Sophie blinked at the jump in topic, but she valiantly followed. "Oh, he hasn't gotten into too much trouble - yet. I keep waiting for the message from the Headmaster that he's gone off and done something to turn my hair grey."
"The first message is the worst," Molly opined. "Fred and George have decided it's cruel to keep me in suspense and make it a habit to get a letter sent home within the first week."
"Oh dear," Sophie smiled. "What was it this year?"
"Toilet seats," sighed Molly. "I fear I gave them that idea on accident."
"On accident," Sophie agreed, eyes crinkling over the rim of her teacup. Molly smiled, pleased to have been understood.
"I did get a letter from JP's Head of House last week," Sophie continued, exasperation seeping into her voice. "Apparently JP engaged in some risky flying during their first lesson."
"Ronnie did say something about that! He was ever so impressed with JP's flying and was worried that he'd be expelled. I told him that was nonsense, of course. Dumbledore would hardly expel a Gryffindor for behaving... well… like a Gryffindor!"
Sophie nodded her head. "He managed to land himself on the Quidditch team, actually. I came to London because he called home insisting that he needs a broom."
Oh dear. Ron was going to be green with envy when he heard that.
"My lot fly Cleansweeps," said Molly cheerfully, "like the school brooms. They last forever and have excellent safety ratings."
"JP is insisting on a Nimbus 2000. He saw one in the Quidditch store this summer and hasn't stopped asking for it since." Sophie sighed. "If it wasn't for the corroborating letter from Minerva, I would've guessed he was trying to con me."
They spent the next hour discussing their children, the differences between Muggle and wizarding fashion, and the best way to brew tea - a topic Molly hadn't expected an American to be so well versed in. As they said their goodbyes, Molly knew it was the beginning of a beautiful friendship.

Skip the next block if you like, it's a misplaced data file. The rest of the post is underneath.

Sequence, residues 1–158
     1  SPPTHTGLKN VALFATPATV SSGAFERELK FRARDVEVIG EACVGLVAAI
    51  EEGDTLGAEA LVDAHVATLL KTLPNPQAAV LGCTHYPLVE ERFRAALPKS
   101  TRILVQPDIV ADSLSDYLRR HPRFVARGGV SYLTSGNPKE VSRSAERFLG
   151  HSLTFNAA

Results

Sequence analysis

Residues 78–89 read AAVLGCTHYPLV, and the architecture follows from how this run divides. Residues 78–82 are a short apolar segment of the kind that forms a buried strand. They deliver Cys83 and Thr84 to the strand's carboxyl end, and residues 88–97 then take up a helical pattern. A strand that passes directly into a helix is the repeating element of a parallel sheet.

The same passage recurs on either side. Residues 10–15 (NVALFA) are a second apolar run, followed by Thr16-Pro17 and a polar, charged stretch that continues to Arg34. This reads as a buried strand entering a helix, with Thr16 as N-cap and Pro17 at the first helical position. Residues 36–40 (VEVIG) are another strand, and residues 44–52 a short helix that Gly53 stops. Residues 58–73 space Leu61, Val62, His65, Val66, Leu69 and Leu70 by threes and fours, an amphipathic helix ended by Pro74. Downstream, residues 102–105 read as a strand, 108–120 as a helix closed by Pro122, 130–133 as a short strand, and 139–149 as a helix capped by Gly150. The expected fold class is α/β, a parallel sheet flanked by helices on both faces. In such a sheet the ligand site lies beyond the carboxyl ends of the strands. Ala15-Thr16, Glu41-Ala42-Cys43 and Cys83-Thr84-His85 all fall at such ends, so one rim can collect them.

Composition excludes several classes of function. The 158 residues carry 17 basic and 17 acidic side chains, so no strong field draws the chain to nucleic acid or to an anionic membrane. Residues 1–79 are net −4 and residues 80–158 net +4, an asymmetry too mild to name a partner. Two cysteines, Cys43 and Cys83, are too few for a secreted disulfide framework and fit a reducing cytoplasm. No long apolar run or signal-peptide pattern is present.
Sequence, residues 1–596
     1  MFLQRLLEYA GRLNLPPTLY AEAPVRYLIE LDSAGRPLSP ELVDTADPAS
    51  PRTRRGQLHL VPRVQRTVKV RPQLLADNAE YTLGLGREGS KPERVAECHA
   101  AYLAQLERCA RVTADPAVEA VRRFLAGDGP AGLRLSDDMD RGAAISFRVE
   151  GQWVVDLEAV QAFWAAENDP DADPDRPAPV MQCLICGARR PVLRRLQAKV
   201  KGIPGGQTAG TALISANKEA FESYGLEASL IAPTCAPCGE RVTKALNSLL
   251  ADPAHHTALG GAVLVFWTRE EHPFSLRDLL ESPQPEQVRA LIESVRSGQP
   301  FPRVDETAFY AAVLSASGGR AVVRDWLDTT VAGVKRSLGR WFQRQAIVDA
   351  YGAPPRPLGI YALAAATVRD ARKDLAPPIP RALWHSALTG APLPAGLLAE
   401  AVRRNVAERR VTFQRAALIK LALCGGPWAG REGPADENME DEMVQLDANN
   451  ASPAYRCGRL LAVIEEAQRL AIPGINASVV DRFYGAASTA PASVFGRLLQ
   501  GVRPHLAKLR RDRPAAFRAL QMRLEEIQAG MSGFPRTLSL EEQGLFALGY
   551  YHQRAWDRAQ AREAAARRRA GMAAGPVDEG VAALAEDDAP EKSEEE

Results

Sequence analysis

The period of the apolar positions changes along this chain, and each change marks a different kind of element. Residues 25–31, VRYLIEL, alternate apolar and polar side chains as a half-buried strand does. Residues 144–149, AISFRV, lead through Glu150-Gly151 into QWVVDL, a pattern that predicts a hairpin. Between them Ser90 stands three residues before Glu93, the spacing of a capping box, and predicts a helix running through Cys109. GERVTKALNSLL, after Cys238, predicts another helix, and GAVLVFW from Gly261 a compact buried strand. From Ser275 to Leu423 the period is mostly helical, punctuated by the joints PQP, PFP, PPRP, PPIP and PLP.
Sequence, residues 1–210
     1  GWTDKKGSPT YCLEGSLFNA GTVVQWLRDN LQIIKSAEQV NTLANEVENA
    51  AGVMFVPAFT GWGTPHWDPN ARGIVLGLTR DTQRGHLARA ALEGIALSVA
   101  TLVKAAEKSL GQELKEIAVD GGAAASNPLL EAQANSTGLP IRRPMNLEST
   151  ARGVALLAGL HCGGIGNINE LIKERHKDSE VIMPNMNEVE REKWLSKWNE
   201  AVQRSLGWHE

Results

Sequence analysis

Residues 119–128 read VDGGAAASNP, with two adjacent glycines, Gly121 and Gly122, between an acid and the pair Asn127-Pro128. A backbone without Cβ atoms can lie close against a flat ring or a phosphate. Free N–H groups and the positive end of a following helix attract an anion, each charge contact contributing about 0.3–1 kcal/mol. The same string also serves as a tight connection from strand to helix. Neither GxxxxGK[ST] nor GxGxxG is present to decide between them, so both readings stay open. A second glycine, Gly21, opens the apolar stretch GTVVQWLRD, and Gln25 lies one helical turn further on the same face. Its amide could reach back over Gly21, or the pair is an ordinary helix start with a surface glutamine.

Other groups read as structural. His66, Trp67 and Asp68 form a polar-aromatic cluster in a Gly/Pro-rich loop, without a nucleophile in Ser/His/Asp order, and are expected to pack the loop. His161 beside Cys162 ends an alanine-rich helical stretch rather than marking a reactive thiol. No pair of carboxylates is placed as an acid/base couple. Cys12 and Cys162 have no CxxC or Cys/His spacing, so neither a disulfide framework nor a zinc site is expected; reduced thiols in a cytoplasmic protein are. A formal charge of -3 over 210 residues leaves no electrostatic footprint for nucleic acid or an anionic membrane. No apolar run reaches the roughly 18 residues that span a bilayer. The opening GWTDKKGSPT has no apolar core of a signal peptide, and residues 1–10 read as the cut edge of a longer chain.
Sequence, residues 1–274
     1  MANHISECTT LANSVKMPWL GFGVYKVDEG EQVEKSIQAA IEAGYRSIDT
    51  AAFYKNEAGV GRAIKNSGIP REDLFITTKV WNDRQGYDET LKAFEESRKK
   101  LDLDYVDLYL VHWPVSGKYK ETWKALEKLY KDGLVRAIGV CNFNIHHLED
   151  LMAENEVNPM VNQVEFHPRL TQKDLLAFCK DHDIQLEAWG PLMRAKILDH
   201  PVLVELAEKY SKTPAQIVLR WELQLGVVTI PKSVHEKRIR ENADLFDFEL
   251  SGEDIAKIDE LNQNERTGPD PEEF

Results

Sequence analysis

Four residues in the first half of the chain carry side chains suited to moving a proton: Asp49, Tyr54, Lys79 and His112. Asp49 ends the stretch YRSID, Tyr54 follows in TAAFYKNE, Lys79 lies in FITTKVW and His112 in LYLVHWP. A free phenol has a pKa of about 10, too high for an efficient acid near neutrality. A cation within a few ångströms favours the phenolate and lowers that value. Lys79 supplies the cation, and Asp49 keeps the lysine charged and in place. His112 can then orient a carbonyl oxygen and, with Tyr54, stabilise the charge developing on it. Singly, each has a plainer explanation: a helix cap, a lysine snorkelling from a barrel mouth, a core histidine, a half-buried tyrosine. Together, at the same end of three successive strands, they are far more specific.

It was the beginning of October when JP finally decided that enough was enough; he had to try the staircases. He planned the outing carefully. It was a full moon, so there should be some ambient light in the central hall of staircases. His rappelling gear was neatly arranged in a small duffle bag, and he had "gone to bed" in skin-tight black leggings and a long-sleeved black t-shirt. He waited until 11pm before sliding out of bed and tiptoeing down to the common room. He'd just made it to the portrait hole when he heard a book snap shut behind him.
"And where, exactly, are you going?"
He winced, then turned to smile at Hermione. "Oh, you know. Just a little late night exploration."
Hermione scowled. "You're a terrible liar."
"Am not!" JP scowled back. He was a very good liar, thank you, Hermione. "And what are you doing, exactly, Hermione?"
She sniffed. "Well, I wasn't about to let Weasley get away with sneaking off."
"What?" JP blinked, honestly confused.
Hermione lost some of her scowl. "You didn't hear?"
"I did not hear," JP confirmed. "What didn't I hear?"
Hermione sighed and sat down on the arm of the couch. "Weasley got into an argument with Malfoy. Something about being a blood traitor? Anyways, Malfoy challenged Weasley to a duel tonight at midnight, and I was afraid he'd be stupid enough to go."
JP sighed. Of course this would happen tonight.
"Let me guess - you told Professor McGonagall about the duel."
Hermione snorted. "And lose us house points?"
He blinked. How refreshingly unexpected.
"Right. Well, I'll just be on my way then. No duels for me - just a little bit of educational exploration. See if I can't find a shortcut or two to the Library."
Hermione looked torn, but her type-A rule-following won out. "You can't leave right now. It's after curfew, so it's against the rules. Go exploring tomorrow!"
"You're out of bed past curfew," JP pointed out. "That means you're breaking the rules too."
This did not seem to be the appropriate strategy, as Hermione stood and squared her shoulders. "Go back to bed, JP."
"Here comes Ron," he said dryly. She whirled to look behind her, and he used her distraction to slip silently out the door. With her hands hopefully full with convincing Ron that dueling after hours against Malfoy was a terrible idea, it left JP with the only chance he was likely to get this evening.
Of course, now that he was out of the common room, he was second guessing whether this was a good idea after all. Did he really want to risk being caught with Ron and Malfoy stirring up a racket?
Oh well, he decided. He was out of the common room now, and there was no way that he was going back in to face Hermione. Thus decided, he started up the stairs.